[Mr. Troy is Professor of History at McGill University, and the author, most recently, of Hillary Rodham Clinton: Polarizing First Lady and Morning in America: How Ronald Reagan Invented the 1980s. He is a member of the advisory board of HNN. ]
So far, the Democratic contest is feeling very twentieth century and the Republican contest is feeling very nineteenth century. As the Democratic contest becomes a battle of two titans, it is becoming a nationwide fight between two political stars with national constituencies. This was characteristic of some of the great nomination battles of the last half-century, be it Richard Nixon versus Nelson Rockefeller in 1960 or Walter Mondale versus Gary Hart in 1988. But the more wide-open Republican contest evokes comparisons with the fragmented nomination contests of yesteryear – only in those days the constituencies were often state or at best regional and today they are less geographically-based.
While much of the focus recently has been on race and gender in the Hillary versus Obama contest, the simple fact that the two have that iconic, Cher-like, famous-enough-to-be-known-by-one-name status, suggests that we are also talking about the politics of celebrity. Let’s face it. Despite Hillary Clinton’s claim to be the candidate of “experience” both Hillary Clinton and Barack Obama have pretty thin resumes. Obama is famous for being a newcomer. Neither has any real executive experience. Hillary Clinton is pretending that in the 1990s she was the co-president she hoped to be rather than the frustrated first lady that she was.
Both Hillary Clinton and Barack Obama have resumes more similar to George W. Bush than to his far more experienced father, former Ambassador to China, former CIA director, former Republican National Committee Chairman, and former Vice President George H.W. Bush. Hillary Clinton became senator from a state in which she had never lived, because in the modern world, celebrity is transferable. In 2000, she showed she could apply her considerable name recognition and iconic status from the 1990s and parlay it into a New York Senate seat. Barack Obama had a more conventional march to the U.S. Senate from the State Senate, but without his rock-star-like rocketing to great fame as a result of his 2004 convention speech and his brilliant book marketing, he would be yet another workaday senator, accumulating seniority before making his big presidential play. Of course, the embarrassingly futile, failed candidacies of Senator Joe Biden and Senator Chris Dodd show just how much the modern American voter (and reporter) values Senatorial seniority – along with the resulting experience and wisdom.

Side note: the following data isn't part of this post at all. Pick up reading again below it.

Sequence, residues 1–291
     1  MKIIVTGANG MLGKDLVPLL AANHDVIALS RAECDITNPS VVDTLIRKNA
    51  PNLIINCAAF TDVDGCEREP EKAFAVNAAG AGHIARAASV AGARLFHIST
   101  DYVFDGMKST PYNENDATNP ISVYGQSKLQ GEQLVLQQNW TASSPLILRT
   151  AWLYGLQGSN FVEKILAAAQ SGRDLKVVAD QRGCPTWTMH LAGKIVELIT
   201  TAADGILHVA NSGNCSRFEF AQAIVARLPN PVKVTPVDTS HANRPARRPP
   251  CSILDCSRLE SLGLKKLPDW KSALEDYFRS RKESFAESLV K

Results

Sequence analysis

So far, the three Republican victors most resemble the various regional warlords who would show up to quadrennial party conventions in the 1800s, hoping either to be the critical kingmaker or, better yet, actually be crowned the party’s temporary king. With Mike Huckabee having won the Iowa caucus, John McCain having won New Hampshire, and Mitt Romney having won Michigan, we are even hearing some analysts speculate that this year’s convention may actually be relevant for the nomination of the party’s standard bearer, rather than simply celebrating a democratic coronation. Each of the three winners represent a different dimension of the legendary, multi-dimensional Reagan coalition that has dominated the GOP – and shaped American politics – for more than a quarter century. Huckabee represents the evangelicals, McCain represents the national security types and possibly the neocons, and Romney represents the business and technocratic types. Or, to think about it in a slightly different way, if the three were auditioning for parts in a play about Ronald Reagan’s famous first-term advising triumvirate, Huckabee would play the true believer, Ed Meese; McCain would play the savvy PR guy Michael Deaver, and Romney would play the emissary to the corporate and Wall Street types, James A. Baker III. Analysts looking at the Republican side are also wondering if this wideopen field will make room for Fred Thompson and Rudy Giuliani as well.
Regardless of how it plays out, it seems clear that the George W. Bush years have strained the Reagan coalition. The challenge for the next nominee is either to revive that broad-based coalition or transform it, finding a new political formula that works. The Democrats have the easier and yet harder time. Both Hillary Clinton and Barack Obama are mainstream Democrats. Neither nomination would threaten Democratic business as usual. Then again, as a party that has only fielded two winning candidates since Lyndon Johnson in 1964 – Jimmy Carter and Bill Clinton – maybe it is time for a more dramatic change on that side of the aisle too.